The Waelz process is one of the most efficient technologies, in terms of capacity and quality, able to recover nearly 90% of zinc content from such powders. The Waelz process is a method of recovering zinc and other relatively low boiling point metals from metallurgical waste (typically EAF flue dust) and other recycled materials using a rotary kiln (waelz kiln). Developed by German firms at the beginning of the 20th century, with the first operating plant in 1925.
The zinc enriched product is referred to as waelz oxide and the reduced zinc by-product as waelz slag. The material containing zinc (oxide, silicate, carbonate, zinc ferrite) must be pelletized with a carbon reductant. The Waelz process is applied on industrial scale in the metallurgy of zinc and it is designed to the enrichment of materials with low metal content to produce a concentrated zinc oxide (Waelz oxide).
History and description
The concept of using a rotary kiln for the recovery of Zinc by volatilization dates to at least 1888. A process was patented by Edward Dedolph in 1910. Subsequently, the Dedpolph patent was taken up and developed by Metallgesellschaft (Frankfurt) with Chemische Fabrik Griesheim-Elektron but without leading to a production scale ready process. In 1923 the Krupp Grusonwerk independently developed a process (1923), named the Waelz process; the two German firms later collaborated and improved the process marketing under the name Waelz-Gemeinschaft (German for Waelz association).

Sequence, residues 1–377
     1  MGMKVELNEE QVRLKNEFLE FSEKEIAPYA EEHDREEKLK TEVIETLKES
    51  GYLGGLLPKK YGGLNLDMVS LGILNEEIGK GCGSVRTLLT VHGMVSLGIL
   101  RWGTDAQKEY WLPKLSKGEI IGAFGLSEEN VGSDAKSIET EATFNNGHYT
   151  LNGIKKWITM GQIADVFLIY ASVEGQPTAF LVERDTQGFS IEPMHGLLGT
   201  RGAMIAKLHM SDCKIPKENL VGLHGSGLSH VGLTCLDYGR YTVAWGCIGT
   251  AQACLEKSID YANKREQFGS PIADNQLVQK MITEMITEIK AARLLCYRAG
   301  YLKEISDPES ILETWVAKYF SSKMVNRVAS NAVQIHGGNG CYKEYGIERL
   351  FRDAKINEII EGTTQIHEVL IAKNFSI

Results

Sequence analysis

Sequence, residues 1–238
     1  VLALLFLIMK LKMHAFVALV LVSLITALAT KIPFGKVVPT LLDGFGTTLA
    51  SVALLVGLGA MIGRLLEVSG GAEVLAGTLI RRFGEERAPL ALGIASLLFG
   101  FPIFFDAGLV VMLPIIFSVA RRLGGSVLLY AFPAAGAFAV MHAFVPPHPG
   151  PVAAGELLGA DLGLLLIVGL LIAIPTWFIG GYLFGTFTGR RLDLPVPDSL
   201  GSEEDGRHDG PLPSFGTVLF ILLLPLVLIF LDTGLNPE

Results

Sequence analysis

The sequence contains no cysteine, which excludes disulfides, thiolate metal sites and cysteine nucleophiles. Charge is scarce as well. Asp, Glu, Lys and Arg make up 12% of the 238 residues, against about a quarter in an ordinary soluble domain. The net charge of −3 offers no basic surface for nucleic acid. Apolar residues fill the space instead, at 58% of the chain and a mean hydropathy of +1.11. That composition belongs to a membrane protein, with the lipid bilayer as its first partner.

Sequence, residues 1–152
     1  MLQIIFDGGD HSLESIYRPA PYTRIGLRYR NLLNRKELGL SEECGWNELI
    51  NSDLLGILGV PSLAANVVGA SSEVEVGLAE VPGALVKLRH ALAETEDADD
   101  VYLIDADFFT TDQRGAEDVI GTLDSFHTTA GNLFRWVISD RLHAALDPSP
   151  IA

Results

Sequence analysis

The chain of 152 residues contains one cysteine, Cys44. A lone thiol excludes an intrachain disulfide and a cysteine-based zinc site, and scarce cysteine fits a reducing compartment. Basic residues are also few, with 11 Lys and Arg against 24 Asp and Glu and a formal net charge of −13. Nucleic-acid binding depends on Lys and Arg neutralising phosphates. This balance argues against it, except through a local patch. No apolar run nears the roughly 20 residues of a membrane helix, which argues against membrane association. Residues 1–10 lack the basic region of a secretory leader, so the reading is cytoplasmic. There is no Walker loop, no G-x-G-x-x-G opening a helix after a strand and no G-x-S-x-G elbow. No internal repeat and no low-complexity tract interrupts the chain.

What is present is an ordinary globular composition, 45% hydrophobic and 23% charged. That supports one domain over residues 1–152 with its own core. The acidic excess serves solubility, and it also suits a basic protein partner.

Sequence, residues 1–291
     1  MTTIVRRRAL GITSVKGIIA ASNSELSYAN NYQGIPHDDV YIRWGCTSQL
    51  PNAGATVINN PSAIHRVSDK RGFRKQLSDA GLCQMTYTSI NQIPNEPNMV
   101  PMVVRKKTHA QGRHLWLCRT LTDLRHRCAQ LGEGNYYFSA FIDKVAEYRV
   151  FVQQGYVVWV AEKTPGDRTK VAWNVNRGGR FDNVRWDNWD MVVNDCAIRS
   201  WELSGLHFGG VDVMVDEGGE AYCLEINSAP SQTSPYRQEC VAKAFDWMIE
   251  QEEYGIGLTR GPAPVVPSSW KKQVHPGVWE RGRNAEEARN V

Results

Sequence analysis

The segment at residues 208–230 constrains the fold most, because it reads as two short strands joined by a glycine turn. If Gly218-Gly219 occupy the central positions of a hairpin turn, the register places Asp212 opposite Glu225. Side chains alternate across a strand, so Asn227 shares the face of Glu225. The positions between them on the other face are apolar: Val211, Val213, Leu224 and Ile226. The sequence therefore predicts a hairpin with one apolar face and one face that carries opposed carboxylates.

The carbon reductant must be coal with low volatiles content, only the carbon units which are not volatilized are useful for the zinc fuming reaction: ZnO(ore) + C(coal) -> Zn(gas) + CO(gas).
The volatile part of the coal is liberated at the very beginning of the kiln, with a little part of this thermal energy being valorized inside the kiln. Although Waelz technology has been around for over 80 years, the design and technology surrounding the basic kiln have improved throughout this time.
The process consists of treating zinc-containing material, in which zinc can be in the form zinc oxide, zinc silicate, zinc ferrite, zinc sulphide together with a carbon-containing reductant/fuel, within a rotary kiln at 1000°C to 1500°C. It is a process used for the extraction of zinc and lead from ores using a rotary kiln. Pellets preparation reduces dust formations, they are fed into a rotary kiln where the temperature is progressively increased up to 1100-1400 °C. The kiln feed material comprising zinc ‘waste’, fluxes, and reductant (coke) is typically pelletized before addition to the kiln. Zinc is still largely extracted from ores although around 40 percent of zinc is recycled from galvanized steels and other scrap metals. The chemical process involves the reduction of zinc compounds to elemental zinc (boiling point 907°C) which volatilizes, which oxidizes in the vapor phase to zinc oxide. The zinc oxide is collected from the kiln outlet exhaust by filters/electrostatic precipitators/settling chambers etc. Energy-efficient and clean, the Waelz Kiln technology is especially suited to the increasing demands of environmental laws being implemented globally.